Yep. Don't forget BB-gun ammo as it is relatively dirt cheap (compared to powder based ammo) and is adequate for rabbit and squirrel and cats. (My cat didn't appreciate that last part and gave me a look that says "Human, I will be nibbling on you within four hours of you not moving.") Things like deer will be quickly decimated leaving a "less desirable" food supply.
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Old 09-23-2022, 09:06 AM   #351
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Can I convert all monetary assets? To T Notes, including IRA^s?
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Old 09-23-2022, 09:13 AM   #352
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You stated "My thought is I would rather lock in a known rate than an unknown rate."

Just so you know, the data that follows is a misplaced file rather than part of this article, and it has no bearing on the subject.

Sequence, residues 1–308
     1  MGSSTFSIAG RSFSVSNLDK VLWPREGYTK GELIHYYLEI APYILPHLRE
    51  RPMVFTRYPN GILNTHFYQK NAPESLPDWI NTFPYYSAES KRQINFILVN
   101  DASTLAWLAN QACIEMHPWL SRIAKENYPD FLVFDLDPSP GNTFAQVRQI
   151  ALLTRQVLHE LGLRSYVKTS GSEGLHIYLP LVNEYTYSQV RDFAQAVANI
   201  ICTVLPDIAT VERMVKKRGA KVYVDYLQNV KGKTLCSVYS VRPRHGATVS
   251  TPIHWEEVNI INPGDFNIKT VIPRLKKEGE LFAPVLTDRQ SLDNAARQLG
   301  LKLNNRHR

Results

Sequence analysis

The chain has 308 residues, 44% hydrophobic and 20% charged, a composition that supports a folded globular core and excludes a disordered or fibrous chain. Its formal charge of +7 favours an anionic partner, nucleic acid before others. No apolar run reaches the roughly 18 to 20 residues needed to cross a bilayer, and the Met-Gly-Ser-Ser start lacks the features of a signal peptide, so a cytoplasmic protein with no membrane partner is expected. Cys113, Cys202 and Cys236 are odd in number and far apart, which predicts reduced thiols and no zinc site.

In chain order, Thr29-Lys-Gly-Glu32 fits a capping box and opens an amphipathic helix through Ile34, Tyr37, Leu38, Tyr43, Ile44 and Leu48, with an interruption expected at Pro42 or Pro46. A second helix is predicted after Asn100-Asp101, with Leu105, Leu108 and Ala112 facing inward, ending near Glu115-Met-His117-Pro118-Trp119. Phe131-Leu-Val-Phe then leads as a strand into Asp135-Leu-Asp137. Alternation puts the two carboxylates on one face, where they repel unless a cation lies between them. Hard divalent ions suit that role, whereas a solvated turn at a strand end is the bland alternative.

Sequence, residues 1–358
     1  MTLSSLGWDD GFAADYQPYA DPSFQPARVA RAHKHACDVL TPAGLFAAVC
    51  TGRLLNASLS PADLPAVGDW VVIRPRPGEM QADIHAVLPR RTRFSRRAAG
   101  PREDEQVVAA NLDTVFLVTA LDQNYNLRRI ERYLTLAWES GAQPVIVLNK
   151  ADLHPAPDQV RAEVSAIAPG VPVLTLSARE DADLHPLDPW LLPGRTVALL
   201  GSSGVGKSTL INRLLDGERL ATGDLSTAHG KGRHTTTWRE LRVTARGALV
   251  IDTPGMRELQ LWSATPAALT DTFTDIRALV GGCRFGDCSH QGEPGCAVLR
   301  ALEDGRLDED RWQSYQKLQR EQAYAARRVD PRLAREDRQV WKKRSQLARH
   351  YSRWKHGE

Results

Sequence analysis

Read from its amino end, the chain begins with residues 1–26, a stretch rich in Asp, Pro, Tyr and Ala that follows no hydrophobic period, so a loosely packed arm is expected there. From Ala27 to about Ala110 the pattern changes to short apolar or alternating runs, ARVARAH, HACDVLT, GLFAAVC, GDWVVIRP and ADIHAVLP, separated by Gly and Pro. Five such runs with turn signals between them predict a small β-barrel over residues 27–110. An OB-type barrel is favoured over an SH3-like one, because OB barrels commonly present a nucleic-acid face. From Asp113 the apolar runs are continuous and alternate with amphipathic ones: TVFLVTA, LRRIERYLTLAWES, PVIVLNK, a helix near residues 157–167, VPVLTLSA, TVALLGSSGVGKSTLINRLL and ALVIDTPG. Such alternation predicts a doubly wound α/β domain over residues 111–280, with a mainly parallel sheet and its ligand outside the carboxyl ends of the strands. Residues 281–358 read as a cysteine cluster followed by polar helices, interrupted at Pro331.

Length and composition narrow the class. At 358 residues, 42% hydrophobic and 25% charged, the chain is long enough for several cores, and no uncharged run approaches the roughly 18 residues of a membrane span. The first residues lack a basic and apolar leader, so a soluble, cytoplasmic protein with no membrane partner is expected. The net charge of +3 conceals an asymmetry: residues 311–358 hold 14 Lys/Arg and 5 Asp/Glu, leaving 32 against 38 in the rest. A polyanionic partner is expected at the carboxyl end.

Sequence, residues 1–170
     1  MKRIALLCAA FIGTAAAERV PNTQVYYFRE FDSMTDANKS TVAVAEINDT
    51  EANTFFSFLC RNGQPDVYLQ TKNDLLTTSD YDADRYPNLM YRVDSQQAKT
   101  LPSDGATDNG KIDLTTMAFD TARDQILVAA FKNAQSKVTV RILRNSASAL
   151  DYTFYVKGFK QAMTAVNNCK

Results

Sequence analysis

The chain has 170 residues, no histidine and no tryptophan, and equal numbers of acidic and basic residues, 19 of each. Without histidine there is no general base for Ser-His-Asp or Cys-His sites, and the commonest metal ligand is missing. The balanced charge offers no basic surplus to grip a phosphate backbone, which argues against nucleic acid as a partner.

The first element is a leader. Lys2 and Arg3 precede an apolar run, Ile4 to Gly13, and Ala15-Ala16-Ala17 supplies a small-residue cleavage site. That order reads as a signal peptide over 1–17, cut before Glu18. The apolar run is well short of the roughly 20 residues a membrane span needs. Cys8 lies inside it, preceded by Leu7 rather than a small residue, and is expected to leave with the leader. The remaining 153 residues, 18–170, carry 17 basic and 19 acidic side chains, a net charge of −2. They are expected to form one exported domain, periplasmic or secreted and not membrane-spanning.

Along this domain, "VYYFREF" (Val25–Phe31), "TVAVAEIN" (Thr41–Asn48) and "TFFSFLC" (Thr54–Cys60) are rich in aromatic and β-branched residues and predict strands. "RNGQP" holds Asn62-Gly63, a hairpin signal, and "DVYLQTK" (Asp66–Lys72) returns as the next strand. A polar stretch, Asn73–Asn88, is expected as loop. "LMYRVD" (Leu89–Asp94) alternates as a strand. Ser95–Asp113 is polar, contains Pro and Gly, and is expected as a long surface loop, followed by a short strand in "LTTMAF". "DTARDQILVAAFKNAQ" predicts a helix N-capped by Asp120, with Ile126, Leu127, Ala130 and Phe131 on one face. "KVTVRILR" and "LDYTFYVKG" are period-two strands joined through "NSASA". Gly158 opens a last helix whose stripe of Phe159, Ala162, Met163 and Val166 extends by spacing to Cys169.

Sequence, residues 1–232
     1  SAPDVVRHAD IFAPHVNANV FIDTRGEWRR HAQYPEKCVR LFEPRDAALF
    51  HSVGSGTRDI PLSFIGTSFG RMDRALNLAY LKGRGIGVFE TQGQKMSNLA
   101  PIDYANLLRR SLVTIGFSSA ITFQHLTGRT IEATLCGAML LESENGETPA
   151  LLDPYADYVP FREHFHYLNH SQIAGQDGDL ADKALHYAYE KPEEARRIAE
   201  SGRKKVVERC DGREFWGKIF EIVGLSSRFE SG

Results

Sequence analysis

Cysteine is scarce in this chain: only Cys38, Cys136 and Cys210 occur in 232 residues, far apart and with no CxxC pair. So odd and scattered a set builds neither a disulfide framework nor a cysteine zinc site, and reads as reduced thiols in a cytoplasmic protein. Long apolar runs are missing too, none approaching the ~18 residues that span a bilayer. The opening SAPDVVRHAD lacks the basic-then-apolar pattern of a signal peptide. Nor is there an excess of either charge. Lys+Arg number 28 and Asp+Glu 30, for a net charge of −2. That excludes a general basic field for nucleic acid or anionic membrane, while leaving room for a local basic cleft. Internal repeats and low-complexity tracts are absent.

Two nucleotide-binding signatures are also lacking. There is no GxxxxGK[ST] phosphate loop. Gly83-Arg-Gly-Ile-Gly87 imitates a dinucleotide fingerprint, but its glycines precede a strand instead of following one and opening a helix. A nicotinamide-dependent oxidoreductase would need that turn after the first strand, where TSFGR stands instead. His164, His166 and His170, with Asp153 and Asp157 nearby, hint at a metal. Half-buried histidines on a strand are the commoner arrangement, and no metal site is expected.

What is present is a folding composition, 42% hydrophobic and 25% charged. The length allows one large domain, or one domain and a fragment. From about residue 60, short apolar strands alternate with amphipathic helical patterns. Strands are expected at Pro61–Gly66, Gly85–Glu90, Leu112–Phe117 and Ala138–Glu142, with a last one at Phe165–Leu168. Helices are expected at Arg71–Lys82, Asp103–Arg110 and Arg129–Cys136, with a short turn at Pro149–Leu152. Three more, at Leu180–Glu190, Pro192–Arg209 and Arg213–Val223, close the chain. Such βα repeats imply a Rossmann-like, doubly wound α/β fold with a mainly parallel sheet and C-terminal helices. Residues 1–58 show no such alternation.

There is your answer and I agree with it myself. And I don't believe you're missing anything.


I agree also.
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Old 09-23-2022, 09:16 AM   #353
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Originally Posted by Earl E Retyre View Post
I was waiting for CD rates to hit 4% for a 5 year term and then I was going to start buying. I noticed today that I can buy secondary market Treasury notes through Vanguard for slightly over 4% but that the 4% CDs are callable. So, treasuries seems like a better deal. They cannot be called and they are better protected (although FDIC CDs are very safe).

I quickly perused the above threads to try and understand New vs Secondary. As I understand it, I can lock in the 4% rate today on the secondary or I can buy at auction but then take a risk that it settles more or less than the secondary rate. And I have to wait until the next auction to find out. My thought is I would rather lock in a known rate than an unknown rate. So, I am thinking of purchasing today. Any flaws in my logic?